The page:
There is this thinking that during a marathon, a person runs against distance, not other competitors and, for many, not even against time.
You’re fighting against countless mile markers to hopefully still be standing — and breathing — at the finish line.
It’s the same way for sports whose seasons drag on, for NHL teams that play 82 regular-season games.
Opponents don’t mean as much as surviving with more to play.
The Golden Knights on Saturday night began a three-game homestand before the All-Star break and, in beating the Pittsburgh Penguins 7-3 before an announced crowd of 18,511 at T-Mobile Arena, faced a team that would qualify for the playoffs if the postseason began today.
Such matchups haven’t produced great success for the Knights, who are 11-10 against those teams holding a playoff position at this time.
A lot is made of this.
A lot shouldn’t be.
This isn’t the NFL and 16 games. The Kansas City Chiefs were really good this season. The Raiders weren’t.
It didn’t take much to establish both sides of that coin.
But you can’t, or at least shouldn’t, read much into how a particular hockey team might play against specific teams between October and early April, of how it might fare when facing those high in the standings or low, those destined for the playoffs or an extended vacation.
Not over nearly seven months of ups and downs and injuries and puck luck and hitting posts, of power-play streaks good and bad and lines that run hot and cold.
Speaking of the Knights’ top line … more on that later.
“For me, it’s about the whole season,” Knights coach Gerard Gallant said. “We played Chicago three times this season, and they probably could have beat us all three. Everything evens out over the course of a season. As long as we’re playing the way we have over the last six weeks, I have no issue. If we lose a hockey game, so be it. It’s going to happen.”
His point: The Blackhawks are last in the Central Division and yet more than stayed with the Knights.
On the other hand, Gallant’s team absolutely outplayed Central-leading Winnipeg on Tuesday and yet left a 4-1 loser.
Most everything with the Knights this season relates back to the first 20 games, when defenseman Nate Schmidt was suspended and the team stumbled up and down the ice, hoping not to fall totally out of things before he returned.
In this manner, it sure helped that they play in the Western Conference.
Of the eight Eastern teams in a playoff spot now, all have at least 58 points. Tampa Bay is the class of the league at 76.
In the West, five of the eight have 60 or more, and yet none of the other three has more than 52.
Anaheim, which at 51 points holds the first wild-card spot, recently snapped a 12-game losing streak.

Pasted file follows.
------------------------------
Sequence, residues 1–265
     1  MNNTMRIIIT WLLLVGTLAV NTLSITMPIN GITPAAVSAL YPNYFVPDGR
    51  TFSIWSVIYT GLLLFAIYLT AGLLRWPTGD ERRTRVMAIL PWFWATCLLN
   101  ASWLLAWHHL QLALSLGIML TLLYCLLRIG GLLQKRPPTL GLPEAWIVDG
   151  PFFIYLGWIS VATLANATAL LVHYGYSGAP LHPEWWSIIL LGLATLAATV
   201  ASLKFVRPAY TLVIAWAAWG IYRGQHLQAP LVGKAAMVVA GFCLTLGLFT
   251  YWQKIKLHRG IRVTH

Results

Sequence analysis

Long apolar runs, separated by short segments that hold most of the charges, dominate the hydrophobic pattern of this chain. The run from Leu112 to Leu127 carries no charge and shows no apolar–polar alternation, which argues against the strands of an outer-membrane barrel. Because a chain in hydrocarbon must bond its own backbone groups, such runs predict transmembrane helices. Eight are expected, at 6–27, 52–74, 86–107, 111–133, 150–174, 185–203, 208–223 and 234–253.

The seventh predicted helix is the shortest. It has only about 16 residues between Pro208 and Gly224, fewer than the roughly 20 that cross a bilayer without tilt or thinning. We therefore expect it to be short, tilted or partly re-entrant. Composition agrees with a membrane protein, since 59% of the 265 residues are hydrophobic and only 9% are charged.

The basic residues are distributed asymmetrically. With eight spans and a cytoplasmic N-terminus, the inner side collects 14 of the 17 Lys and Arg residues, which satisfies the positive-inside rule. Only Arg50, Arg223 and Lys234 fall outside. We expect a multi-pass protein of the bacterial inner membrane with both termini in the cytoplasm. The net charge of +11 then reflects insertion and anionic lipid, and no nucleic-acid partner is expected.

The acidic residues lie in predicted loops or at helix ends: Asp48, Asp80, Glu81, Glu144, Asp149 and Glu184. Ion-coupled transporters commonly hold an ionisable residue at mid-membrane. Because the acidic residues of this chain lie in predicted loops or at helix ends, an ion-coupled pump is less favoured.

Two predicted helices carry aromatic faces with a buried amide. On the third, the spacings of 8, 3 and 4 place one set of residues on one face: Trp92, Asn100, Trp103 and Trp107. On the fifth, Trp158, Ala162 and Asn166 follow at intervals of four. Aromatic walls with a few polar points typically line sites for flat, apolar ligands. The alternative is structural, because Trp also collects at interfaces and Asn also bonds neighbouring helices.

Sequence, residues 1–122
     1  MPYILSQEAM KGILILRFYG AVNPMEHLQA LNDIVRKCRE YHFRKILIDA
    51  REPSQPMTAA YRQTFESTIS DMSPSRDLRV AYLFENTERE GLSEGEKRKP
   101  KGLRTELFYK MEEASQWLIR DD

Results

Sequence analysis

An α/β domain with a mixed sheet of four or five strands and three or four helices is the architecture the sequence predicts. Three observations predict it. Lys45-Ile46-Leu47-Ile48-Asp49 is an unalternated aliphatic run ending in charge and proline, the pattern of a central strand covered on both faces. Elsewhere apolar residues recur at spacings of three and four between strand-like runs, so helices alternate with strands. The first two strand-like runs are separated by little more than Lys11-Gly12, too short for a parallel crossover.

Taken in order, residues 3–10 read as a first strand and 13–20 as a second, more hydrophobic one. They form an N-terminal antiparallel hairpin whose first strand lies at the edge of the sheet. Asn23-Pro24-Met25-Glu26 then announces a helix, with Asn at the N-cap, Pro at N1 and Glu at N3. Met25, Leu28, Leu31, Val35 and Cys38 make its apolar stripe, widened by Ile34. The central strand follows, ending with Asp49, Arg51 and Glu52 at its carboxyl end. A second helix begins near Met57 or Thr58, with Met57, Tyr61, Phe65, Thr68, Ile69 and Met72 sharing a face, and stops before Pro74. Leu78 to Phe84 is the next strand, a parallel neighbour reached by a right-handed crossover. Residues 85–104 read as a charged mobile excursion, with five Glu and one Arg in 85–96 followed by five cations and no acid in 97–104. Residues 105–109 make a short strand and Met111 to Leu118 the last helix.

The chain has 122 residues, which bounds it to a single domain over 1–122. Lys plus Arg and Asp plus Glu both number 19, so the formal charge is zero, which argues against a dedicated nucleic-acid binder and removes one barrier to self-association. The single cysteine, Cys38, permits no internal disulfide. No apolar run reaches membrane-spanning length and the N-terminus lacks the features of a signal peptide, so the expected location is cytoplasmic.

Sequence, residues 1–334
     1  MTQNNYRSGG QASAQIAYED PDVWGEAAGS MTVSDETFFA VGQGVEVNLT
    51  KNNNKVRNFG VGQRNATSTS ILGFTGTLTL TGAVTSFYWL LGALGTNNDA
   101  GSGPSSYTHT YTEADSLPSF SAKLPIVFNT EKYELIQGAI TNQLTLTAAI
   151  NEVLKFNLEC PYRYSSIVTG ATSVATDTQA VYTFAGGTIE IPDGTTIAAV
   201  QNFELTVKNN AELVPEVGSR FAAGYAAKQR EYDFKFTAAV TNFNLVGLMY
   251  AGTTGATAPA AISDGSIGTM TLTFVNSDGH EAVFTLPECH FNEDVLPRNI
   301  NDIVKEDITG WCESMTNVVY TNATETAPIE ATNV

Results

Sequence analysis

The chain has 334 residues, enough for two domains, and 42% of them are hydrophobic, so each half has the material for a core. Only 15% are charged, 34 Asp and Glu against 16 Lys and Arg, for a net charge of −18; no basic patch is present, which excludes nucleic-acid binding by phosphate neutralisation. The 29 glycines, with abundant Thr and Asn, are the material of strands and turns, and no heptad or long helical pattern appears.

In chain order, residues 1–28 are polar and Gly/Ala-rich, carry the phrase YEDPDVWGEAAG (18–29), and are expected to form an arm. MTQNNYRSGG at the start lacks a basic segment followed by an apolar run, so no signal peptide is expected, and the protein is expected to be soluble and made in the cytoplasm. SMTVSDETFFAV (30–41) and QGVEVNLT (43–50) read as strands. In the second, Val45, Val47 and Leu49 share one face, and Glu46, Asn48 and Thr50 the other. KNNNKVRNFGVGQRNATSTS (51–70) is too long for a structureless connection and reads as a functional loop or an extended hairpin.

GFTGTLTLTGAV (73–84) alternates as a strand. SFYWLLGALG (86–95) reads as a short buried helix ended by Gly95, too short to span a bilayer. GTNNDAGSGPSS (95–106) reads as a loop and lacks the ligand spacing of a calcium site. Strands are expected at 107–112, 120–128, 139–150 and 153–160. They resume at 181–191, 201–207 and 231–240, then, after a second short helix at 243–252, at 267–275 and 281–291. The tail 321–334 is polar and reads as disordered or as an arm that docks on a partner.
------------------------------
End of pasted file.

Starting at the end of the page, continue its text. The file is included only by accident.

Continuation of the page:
Marchessault gets hatty
“I don’t think you can look at it in terms of just pockets of games,” said Knights defenseman Shea Theodore, who scored his sixth goal of the season via a power play. “Any given night, a team can come out and play their best game of the season. Sometimes, teams lower in the standings are that much tougher because they’re fighting for as many points as they can get.
“You go through stretches trying to find your game, and sometimes it takes longer than others. The only way to go is wait until the (season ends) and see where you are.”
Playoff hockey is a beast unto itself, and for this, being overly concerned about which teams you beat and which you don’t along the way to potentially qualifying becomes a secondary worry. The idea is to get there.
You will, however, get nights between October and early April where the atmosphere is playoff-electric. Saturday was one.
Pittsburgh stands at 58 points and fourth in the Metropolitan, a wild-card team today but two points behind the first-place Islanders. The Penguins were playing the second of back-to-back games, so the fact they were able to rally from down 3-1 to tie the game before allowing four goals in the final 37 or so minutes isn’t surprising.
But the second-largest home crowd in Knights history was treated to beyond an entertaining game, one that saw the team’s top line offer its most inspired play in some time, highlighted by a hat trick from Jonathan Marchessault and a goal and an assist from William Karlsson.
See. Ups and downs, hot and cold, 82 games in all, two points for a win.
What sweater the other guys are wearing matters none.
Contact columnist Ed Graney at email@example.com or 702-383-4618. He can be heard on “The Press Box,” ESPN Radio 100.9 FM and 1100 AM, from 7 a.m. to 10 a.m. Monday through Friday. Follow @edgraney on Twitter.